With regard to transfer vectors, significant success in delivering DNA into the mature brain has been obtained with experimental approaches using direct injection of viral vectors based on DNA viruses such as adenoviruses (Akli et al., 1994; Bajocchi et al., 1993; Davidson et al., 1993; Le Gal La Salle, et al., 1993), the vectors derived from the herpes virus (Boviatsis et al., 1994; Pakzaban et al., 1994; Wood et al., 1994) and adenovirus-associated viruses (AAV) (Kaplitt et al., 1994). More recently, a retroviral system based on the human immunodeficiency virus (HIV) has been used to mediate the stable transduction of neurons in the rat brain (Naldini et al., 1996).

Although efforts are mainly directed toward viral vectors, nonviral techniques constitute varied alternatives full of potential. Specifically, chemical transporters of DNA have many advantages over viral vectors. Their use provides greater flexibility, and they are simpler to prepare, to purify and to store. Safety data and toxicity data are also easier to obtain. They can be used with any sort of DNA, thus allowing the use of long nucleic acid sequences, such as a whole gene, associated with plasmidic vectors.

Among the nonviral vectors, two main classes of molecules can be distinguished overall: cation lipids, such as DOGS (diocade cylamidoglycyl spermine) or Transfectam® (Behr et al., 1989) or Lipofectin® (Felgner et al., 1987), and DNA-binding polymeric cations, such as poly-L-Lysine (PLL), protamine, “cationized” albumin, polyethyleneimine (PEI) (Boussif et al., 1995), block copolymers (Read et al., 2000; Oupicky et al., 2000; Wolfert et al., 1999), and polyamidoamine dendrimers (Tang et al., 1996; Planck et al., 1999).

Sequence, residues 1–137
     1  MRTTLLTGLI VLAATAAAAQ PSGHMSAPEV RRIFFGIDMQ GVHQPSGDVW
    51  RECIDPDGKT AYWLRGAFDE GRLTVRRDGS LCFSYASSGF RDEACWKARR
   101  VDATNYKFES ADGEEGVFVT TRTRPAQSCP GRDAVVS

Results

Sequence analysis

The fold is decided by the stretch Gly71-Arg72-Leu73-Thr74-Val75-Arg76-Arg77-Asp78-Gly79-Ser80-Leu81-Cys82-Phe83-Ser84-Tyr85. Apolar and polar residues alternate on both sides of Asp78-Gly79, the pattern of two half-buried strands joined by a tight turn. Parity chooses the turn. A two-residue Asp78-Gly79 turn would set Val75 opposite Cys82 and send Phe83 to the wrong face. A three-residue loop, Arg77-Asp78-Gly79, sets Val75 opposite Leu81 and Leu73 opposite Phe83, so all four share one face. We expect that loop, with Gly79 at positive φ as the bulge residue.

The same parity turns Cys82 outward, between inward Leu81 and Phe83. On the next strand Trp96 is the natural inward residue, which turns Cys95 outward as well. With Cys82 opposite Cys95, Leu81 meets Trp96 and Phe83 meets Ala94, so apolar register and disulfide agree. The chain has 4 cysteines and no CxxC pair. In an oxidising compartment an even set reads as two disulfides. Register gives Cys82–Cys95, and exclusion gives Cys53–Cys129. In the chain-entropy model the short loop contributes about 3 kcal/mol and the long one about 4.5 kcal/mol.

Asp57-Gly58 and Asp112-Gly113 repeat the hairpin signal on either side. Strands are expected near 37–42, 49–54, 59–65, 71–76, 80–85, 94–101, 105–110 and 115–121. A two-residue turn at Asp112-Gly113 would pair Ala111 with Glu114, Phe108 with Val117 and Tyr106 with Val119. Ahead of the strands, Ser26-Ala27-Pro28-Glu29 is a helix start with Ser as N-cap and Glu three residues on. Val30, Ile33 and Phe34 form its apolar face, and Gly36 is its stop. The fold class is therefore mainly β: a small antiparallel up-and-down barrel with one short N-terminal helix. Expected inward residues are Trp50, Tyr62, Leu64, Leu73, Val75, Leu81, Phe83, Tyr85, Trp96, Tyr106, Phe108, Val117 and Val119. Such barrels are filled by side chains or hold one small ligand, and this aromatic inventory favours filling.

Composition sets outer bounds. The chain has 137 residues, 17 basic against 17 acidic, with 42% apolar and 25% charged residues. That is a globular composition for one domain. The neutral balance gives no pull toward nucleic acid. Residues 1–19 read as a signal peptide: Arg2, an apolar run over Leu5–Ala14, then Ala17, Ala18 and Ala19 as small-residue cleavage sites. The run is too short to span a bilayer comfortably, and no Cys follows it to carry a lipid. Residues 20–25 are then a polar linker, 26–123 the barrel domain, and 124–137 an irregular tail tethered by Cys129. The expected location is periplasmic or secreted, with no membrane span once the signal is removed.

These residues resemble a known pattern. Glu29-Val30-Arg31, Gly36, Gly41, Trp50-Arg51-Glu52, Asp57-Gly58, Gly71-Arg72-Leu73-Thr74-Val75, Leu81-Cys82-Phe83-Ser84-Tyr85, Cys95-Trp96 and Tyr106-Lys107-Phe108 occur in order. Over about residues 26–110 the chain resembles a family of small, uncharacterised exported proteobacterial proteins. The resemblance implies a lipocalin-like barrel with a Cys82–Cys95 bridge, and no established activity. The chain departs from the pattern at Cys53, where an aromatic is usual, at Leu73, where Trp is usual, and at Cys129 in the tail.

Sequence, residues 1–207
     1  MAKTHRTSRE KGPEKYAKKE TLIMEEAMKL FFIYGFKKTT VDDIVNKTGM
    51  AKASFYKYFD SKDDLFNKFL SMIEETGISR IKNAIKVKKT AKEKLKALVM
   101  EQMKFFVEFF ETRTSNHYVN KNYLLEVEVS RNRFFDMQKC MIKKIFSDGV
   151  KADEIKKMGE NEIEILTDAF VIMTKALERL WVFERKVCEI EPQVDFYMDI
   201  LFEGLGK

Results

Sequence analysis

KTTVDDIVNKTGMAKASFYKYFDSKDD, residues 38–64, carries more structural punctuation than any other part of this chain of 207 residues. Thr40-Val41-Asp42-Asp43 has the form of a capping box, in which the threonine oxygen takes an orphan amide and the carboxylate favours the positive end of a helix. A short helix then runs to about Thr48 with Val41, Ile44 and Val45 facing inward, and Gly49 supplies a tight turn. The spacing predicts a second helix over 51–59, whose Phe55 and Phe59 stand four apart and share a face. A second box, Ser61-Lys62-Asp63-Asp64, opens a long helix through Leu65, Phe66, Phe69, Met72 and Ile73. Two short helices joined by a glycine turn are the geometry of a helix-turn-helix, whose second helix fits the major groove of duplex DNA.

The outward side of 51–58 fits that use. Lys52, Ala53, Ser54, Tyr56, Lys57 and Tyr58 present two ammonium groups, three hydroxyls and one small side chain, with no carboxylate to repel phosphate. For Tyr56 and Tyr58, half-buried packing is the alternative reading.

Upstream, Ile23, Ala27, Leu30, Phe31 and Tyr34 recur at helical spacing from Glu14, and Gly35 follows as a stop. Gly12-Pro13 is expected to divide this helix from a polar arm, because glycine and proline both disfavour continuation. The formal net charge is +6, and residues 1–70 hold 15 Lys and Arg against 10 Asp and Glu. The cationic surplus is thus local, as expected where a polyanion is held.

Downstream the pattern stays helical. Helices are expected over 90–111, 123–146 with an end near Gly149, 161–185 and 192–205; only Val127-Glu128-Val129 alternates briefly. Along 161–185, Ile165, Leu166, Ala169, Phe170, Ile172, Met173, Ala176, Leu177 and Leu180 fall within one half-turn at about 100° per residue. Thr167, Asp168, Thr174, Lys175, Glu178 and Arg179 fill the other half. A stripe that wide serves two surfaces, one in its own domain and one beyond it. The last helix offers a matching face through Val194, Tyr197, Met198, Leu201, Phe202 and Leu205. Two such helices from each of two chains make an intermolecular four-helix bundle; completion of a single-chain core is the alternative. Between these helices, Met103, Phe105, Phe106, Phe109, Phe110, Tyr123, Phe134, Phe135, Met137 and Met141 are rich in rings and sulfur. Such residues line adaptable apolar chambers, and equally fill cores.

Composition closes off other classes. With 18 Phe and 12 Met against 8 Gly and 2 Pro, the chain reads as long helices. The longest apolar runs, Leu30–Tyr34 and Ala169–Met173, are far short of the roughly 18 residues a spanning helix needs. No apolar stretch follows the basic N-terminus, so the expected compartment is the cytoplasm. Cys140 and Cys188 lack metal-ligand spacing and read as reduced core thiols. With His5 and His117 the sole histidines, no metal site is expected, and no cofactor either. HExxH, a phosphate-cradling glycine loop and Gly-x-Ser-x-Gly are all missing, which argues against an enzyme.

The use of cationic polymers, and in particular of PEI, for delivering genes in vivo has shown that these vectors can provide high levels of expression in the brain (Abdallah et al., 1996; Boussif et al., 1995; Goula et al., 1998; Lemkine et al., 1999).

In order to bypass the difficulty constituted by the “blood-brain” barrier, other routes of administration have been developed, such as direct injection of virus, such as the attenuated herpes simplex virus (Chambers et al., 1995) or sterotactic injection, such as injection of DNA/PEI complex (Abdallah el al., 1996). Another possible route of administration consists of the local production of therapeutic peptide or protein; thus, cell lines transformed with retroviruses have been used to produce therapeutic proteins in order to correct lysomsomal disease affecting the brain (Snyder et al., 1995) and brain tumors have been treated with cells producing retroviruses (Culver et al., 1992; Barba et al., 1994).